Thursday, September 20, 2012

CRPS and Vaccines

Complex regional pain syndrome following immunization

  1. Nigel W Crawford1,4,6
-Author Affiliations
  1. 1SAEFVIC, Department of General Medicine, Royal Children's Hospital (RCH), Melbourne, Victoria, Australia
  2. 2Department of Anaesthetics and Pain Management, Royal Children's Hospital, Melbourne, Victoria, Australia
  3. 3Department of Paediatrics, West Suffolk Hospital NHS Trust, Suffolk, UK
  4. 4Murdoch Children's Research Institute (MCRI), Melbourne, Victoria, Australia
  5. 5Paediatric Infectious Diseases Unit, Department of Paediatrics, Monash Children's Hospital, Southern Health, Monash University, Melbourne, Victoria, Australia
  6. 6Department of Paediatrics, The University of Melbourne, Melbourne, Victoria, Australia
  1. Correspondence toDr Nigel W Crawford, SAEFVIC Immunisation Safety Service, Department of General Medicine, Murdoch Children's Research Institute, Royal Children's Hospital, Flemington Road, Parkville, Melbourne, VIC 3052, Australia;
  • Accepted 26 June 2012
  • Published Online First 1 August 2012


Complex regional pain syndrome type 1 (CRPS-1) is a clinical syndrome that affects one or more extremities and is characterised by persistent pain disproportionate to any inciting event, and at least one sign of autonomic dysfunction in the affected limb(s). The pathogenesis of this syndrome is poorly understood, but its onset is often precipitated by a physical injury, such as minor trauma, fracture, infection or a surgical procedure. In the literature, there are reports of CRPS-1 following immunization with rubella and hepatitis B vaccines. Here we present a case series of CRPS-1 following immunisation in adolescents, with either diphtheria-tetanus-acellular pertussis (1 case), or human papillomavirus vaccines (4 cases). Enhanced awareness of this syndrome and its potential to occur following immunization in the paediatric population is vital to the prompt and effective management of this condition.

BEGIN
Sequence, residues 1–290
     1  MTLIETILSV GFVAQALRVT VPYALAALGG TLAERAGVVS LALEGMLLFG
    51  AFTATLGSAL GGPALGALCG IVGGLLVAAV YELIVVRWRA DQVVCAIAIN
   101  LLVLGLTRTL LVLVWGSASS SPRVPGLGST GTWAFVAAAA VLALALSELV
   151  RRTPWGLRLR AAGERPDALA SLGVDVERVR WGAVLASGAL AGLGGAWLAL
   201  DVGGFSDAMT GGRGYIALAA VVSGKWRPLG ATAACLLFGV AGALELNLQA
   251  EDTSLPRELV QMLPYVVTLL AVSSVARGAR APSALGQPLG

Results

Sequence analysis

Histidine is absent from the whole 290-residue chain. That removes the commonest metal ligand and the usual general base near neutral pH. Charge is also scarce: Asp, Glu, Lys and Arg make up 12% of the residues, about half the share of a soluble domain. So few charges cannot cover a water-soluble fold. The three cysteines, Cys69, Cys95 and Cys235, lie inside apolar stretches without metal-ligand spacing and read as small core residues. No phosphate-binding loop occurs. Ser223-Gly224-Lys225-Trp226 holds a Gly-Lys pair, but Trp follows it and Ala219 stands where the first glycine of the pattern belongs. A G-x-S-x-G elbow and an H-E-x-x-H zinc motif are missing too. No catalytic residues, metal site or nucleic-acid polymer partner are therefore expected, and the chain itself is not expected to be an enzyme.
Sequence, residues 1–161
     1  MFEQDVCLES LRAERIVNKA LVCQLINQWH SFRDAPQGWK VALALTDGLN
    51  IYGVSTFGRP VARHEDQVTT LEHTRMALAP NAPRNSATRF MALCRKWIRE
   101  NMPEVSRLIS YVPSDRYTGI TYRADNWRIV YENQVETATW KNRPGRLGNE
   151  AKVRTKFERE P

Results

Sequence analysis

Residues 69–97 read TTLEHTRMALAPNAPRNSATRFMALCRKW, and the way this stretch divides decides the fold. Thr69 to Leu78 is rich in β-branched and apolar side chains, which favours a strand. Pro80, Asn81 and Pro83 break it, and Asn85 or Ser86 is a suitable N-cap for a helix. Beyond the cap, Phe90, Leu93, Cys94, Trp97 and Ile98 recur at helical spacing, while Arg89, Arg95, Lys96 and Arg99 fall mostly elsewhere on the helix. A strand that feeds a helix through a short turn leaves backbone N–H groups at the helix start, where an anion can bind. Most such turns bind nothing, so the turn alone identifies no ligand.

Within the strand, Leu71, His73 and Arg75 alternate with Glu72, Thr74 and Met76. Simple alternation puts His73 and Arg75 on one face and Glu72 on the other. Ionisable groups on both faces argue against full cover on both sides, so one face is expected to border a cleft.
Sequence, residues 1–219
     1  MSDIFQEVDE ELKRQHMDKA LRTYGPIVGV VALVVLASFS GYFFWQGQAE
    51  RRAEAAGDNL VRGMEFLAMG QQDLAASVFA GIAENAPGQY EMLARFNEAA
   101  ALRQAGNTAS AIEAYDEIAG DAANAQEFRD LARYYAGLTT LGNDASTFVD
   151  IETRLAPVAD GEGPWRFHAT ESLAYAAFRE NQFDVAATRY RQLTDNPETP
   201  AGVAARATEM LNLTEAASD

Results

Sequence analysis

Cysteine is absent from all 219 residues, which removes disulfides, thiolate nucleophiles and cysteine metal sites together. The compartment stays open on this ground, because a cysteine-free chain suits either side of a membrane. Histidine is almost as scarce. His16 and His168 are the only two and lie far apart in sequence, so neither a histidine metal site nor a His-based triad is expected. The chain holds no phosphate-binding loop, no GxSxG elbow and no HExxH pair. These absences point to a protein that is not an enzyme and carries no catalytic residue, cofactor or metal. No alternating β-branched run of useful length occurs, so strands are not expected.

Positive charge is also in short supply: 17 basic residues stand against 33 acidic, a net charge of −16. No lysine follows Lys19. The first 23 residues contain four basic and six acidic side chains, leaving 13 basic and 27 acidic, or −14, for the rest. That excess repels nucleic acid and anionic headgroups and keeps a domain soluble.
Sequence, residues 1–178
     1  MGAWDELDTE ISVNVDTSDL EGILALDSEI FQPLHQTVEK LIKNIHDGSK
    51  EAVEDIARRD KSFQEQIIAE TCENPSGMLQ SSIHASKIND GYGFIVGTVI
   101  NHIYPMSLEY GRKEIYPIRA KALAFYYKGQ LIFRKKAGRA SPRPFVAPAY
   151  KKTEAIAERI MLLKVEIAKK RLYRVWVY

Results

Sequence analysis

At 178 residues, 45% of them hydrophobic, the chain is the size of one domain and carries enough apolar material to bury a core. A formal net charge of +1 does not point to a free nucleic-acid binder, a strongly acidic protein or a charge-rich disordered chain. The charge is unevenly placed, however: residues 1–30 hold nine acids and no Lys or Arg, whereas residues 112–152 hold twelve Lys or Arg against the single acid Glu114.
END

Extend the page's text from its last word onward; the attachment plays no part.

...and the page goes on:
Okay, not the most enlightening of abstracts.  A little research, however, disclosed this 2004 case study available in its entirety in the European Journal of Pain 9 (2005) 517-521:  Complex Regional Pain Syndrome Type-1 After Rubella Vaccine.  It's available through and its impressive library of free research.

No comments:

Post a Comment

The Haddock Corporation's newest dictate: Anonymous comments are no longer allowed. It is easy enough to register and just takes a moment. We look forward to hearing from you non-bots and non-spammers!